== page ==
I am adding value investing tools to my arsenal
I like the fact that you don´t have to be pretending to "buy low" to be a value investor, but you do have to prioritize the quality and resilience of a business that has proven itself in past crises to lower your risk exposure. It sounds like a logical strategy in the current market euphoria conditions, even though it makes you miss on the biggest riser, it also makes you sleep better.
My objective is to double my money every 4 years, but I also want to sleep at night and not be glued to my computer all day. I think this is what value investing is about when depicted by the author, as it allows:
- Not to worry about timing
- To be more forgiving with the purchase price
- Not to risk permanent loss of capital
I will not make a U-turn on my current portfolio, as I do want to keep investing in future bets I strongly believe in, such as Fastly, The Trade Desk, and Fiverr to name a few, but I will start putting closer attention to stocks that pop up on the GuruFocus´s "good company screener".
I am also adding some of GuruFocus screener settings to my own scorecard, including:
- The 10-year average Return on Invested Capital (GF screener look at ROIC higher than 14% only) which I will use on my "financial strength" analysis.
- The 10-year median operating margin and its last 3 years growth rate, which I will add to the "Economic Moat" analysis, as above-average profit margin numbers usually mean pricing-power.
- The 10-year and 3-year earning per share growth rate, which I will add to the "momentum/growth" analysis.
In my updated scorecard, moat, potential, growth and return on capital now account for 2/3 of the max score. The rest is composed of financial strength, management, valuation and insiders signals. I just used it to rate 5 stocks: CVNA, SEDG, COUP, JKHY, and SQ. Carvana, Coupa Software and Jack Henry all had insider buying movements in the past month. But the winner is JKHY with 17 points, which makes me even more confident about my last reco (and made me add to my position yesterday).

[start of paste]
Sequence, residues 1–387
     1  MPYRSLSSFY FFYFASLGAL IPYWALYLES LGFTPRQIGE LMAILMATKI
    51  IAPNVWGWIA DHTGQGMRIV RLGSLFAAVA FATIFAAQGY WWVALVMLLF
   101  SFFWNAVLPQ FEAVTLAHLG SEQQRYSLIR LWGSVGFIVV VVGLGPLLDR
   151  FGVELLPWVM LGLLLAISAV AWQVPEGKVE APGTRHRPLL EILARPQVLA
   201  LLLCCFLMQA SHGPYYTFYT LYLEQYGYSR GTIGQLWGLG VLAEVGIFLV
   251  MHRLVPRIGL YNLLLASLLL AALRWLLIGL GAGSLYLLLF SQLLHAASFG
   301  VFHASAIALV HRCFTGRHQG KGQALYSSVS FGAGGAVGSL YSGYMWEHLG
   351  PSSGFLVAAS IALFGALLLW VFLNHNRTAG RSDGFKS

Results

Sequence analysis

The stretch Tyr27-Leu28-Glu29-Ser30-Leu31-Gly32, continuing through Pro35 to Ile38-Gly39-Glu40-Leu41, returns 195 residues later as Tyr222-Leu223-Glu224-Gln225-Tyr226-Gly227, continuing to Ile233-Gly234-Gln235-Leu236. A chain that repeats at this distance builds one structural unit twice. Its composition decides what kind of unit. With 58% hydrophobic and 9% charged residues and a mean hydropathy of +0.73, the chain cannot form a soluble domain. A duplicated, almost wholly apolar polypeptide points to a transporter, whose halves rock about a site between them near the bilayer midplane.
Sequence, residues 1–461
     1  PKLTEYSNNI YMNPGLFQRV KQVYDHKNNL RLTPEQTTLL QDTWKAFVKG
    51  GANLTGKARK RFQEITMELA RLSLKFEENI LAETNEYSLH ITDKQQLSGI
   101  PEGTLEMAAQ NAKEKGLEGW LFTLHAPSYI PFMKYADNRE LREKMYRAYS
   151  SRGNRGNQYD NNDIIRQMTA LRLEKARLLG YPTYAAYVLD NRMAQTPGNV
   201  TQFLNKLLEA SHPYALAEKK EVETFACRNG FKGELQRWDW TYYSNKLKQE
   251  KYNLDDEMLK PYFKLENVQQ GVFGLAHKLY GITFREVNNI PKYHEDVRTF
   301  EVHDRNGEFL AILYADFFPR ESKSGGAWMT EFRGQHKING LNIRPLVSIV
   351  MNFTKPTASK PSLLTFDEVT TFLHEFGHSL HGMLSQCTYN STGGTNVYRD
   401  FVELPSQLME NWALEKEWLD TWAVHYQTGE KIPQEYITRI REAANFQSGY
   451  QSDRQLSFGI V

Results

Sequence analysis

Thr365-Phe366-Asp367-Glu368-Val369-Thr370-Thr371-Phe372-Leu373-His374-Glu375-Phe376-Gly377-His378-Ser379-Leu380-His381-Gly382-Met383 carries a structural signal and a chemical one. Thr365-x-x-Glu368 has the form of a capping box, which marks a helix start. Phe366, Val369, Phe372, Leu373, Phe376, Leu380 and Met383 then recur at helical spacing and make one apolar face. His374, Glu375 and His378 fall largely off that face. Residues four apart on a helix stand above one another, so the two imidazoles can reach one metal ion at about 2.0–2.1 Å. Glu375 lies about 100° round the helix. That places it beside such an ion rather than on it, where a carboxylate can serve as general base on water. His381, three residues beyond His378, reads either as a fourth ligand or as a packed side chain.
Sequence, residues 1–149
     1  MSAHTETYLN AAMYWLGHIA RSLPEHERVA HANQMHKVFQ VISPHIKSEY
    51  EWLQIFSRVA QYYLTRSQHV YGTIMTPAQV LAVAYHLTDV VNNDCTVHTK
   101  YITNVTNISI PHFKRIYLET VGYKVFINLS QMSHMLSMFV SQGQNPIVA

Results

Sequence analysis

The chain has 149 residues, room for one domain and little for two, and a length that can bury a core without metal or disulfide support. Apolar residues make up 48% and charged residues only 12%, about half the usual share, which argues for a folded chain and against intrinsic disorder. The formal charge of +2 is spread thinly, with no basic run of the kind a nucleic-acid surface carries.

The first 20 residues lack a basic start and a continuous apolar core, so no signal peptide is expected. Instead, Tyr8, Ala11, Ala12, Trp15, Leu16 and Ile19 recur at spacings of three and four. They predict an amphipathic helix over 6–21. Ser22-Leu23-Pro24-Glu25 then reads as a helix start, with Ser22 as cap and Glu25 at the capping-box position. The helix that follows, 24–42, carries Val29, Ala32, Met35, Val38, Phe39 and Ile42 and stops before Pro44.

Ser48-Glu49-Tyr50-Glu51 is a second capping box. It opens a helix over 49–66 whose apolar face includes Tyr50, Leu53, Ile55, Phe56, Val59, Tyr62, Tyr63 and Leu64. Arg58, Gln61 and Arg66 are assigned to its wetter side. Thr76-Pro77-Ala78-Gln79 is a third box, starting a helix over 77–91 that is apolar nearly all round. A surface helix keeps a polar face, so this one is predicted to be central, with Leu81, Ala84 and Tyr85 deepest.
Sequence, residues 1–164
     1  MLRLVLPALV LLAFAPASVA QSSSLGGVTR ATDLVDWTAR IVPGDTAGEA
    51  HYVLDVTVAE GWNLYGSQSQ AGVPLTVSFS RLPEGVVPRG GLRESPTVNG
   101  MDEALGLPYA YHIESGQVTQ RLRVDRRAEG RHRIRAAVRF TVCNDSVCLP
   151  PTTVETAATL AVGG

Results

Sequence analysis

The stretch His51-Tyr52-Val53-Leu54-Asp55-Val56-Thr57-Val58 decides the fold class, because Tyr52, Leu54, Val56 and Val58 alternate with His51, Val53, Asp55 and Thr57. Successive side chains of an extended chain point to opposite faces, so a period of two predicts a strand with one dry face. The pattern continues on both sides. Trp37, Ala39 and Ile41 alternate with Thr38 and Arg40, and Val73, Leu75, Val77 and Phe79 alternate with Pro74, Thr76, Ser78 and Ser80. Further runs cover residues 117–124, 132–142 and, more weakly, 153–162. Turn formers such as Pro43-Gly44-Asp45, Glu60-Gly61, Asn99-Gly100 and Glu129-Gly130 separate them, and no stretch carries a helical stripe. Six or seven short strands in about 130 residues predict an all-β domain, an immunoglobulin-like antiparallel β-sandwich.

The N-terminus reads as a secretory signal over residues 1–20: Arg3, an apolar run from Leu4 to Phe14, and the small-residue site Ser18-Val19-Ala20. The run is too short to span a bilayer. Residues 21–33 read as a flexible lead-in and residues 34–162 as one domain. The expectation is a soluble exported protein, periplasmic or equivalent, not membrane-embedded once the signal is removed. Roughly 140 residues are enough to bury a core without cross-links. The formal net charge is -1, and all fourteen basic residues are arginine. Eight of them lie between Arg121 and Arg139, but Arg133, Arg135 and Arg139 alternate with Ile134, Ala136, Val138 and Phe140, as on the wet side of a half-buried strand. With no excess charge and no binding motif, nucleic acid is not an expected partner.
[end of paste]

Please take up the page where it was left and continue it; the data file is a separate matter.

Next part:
A robust system, cash on the sideline and mental prep: the keys to time the market
It is key to have a robust system in the research process to be the most prepared, and take advantage of buying opportunities, either in the form of a market correction or other possible scenarios such as short-sellers attacks on a good company. A mini correction happened this week, and we saw SQ, COUP, SEDG and TDG down more than 10% from their 20 days moving average (aka SMA20). If you had already scored these stocks, and you knew it scored above your threshold for investing, you would have been able to act quicker and you would already have enjoyed a rebound of more than 7% on any of these stocks. You also need a cash position to take advantage of these opportunities.
This is why I will keep investing time building and scoring a watchlist of stocks I want to buy, to make sure not to lose future opportunities to buy it. For those who show patience, these opportunities always come.
PS: you can receive alerts when stocks from the watchlist pulls back more than 10% from its 20 days average by joining our Slack Workspace.